Not only was Intel the first to market with Ivy Bridge, the company has enormous resources at its disposal to throw at convincing OEMs -- not to mention buyers -- that its silicon is the best choice.

AMD's ace up its sleeve with Trinity is the GPU. While Intel has the CPU market stitched up tight when it comes to CPUs, it's not a big name when it comes to GPU technology. AMD on the other hand has the Radeon line of GPUs that OEMs are familiar with and trust. If it can leverage its GPU relationship with the OEMs to push its APUs, then it is in a position where it could put pressure on Intel.

It's now down to the OEMs.


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Topics: Processors, Hardware, Intel

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    You want 200% better graphics, go with AMD.

    You want 6% better productivity, go with Intel.

    Personally, I don't care if my Excel calculations run 6% faster if my Intel integrated graphics stu stu stu stuu ... stu stu... stutter when playing Youtube videos. That stinks.

    Intel's graphics still have a long way to go. Maybe they can catch up in two years??
    • GPU is not relevent for the 99% who are just doing email and facebook

      intels integrated graphics were good enough for these people even before they were improved with ivy bridge. and ivy bridge isnt intels big mobile play that amd should be shooting at. Thats broadwell. Id like to hear what amds counter to broadwell is. Intel however should take note of amds good work in getting to 17w at 32nm
      Johnny Vegas
      • email and facebook

        If that's all they are doing they might as well stick to their phone. Look at Apples latest improvements in the IPad and it was only for graphics and presentation.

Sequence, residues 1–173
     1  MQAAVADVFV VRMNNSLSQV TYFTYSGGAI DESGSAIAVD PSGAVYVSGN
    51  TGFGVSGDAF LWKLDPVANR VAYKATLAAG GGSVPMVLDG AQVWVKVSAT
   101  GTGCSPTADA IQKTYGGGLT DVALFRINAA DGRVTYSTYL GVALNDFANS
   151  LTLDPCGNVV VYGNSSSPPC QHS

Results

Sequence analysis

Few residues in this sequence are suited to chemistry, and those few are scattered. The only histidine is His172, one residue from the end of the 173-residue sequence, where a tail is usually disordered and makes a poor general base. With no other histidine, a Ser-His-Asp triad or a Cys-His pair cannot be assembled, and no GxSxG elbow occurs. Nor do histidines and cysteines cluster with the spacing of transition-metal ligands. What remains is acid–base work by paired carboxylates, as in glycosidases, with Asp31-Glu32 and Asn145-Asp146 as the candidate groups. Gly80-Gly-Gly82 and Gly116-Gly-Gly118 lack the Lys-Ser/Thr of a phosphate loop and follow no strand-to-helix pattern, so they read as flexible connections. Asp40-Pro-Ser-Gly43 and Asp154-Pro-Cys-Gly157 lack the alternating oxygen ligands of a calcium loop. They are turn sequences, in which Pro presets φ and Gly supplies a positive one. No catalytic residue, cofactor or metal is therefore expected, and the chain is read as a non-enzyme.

• Depends on the emails they get

        Even for those supposedly "only doing email and social networking", there's also the "online videos" and pictures. That's the majority that I see online: people sharing links to YouTube videos, or other online video. Having better graphics maybe isn't as important if you stick with the "small window preview" mode, but when you click on the "fullscreen button" & choose the "HD" version it can make a big difference.
      • Define "good enough"

        If you mean it displays text. Yeah sure.

        However people these days use Hulu, Netflix, HD.

        Good enough? Nah....
    • Intel Graphics aren't that bad

      Although I agree the AMD is clearly the superior choice, I did want to point out that Intel chips do fine. In my old laptop, I had an Intel GMA chip that would play all but HD youtube videos perfectly. Now, I have a Intel HD Graphics 3000 and an AMD Radeon 6990M, and the Intel will play any youtube video perfectly. Usually, I keep the laptop in power saving mode (using the Intel i7 2760QM and associated graphics and getting 6 hours of bettery with my 17" screen at full brightness) and don't notice the difference unless I start a game. Even then, my Sandy Bridge GPU can play Magic 2012 perfectly and Portal 2 on medium-high pretty well. I haven't tested other games, but I immagine they'd run fairly well. Remember, Ivy Bridge gpus are even better than my sandy bridge chip.
      Patrick Aupperle
      • Clearly superior for some things

        If you need parallelism, AMD chokes.
      • @Tea.Rollins

        That is interesting. I've never seriously used an AMD cpu, so my comment mostly pertained to the GPUs. If what you say is true, maybe the AMD isn't such a great choice.
        Patrick Aupperle
    • Fud

      When you're running at load and spanning tons of threads, the intel performance gain is more like 150% better performance. AMD chokes at load.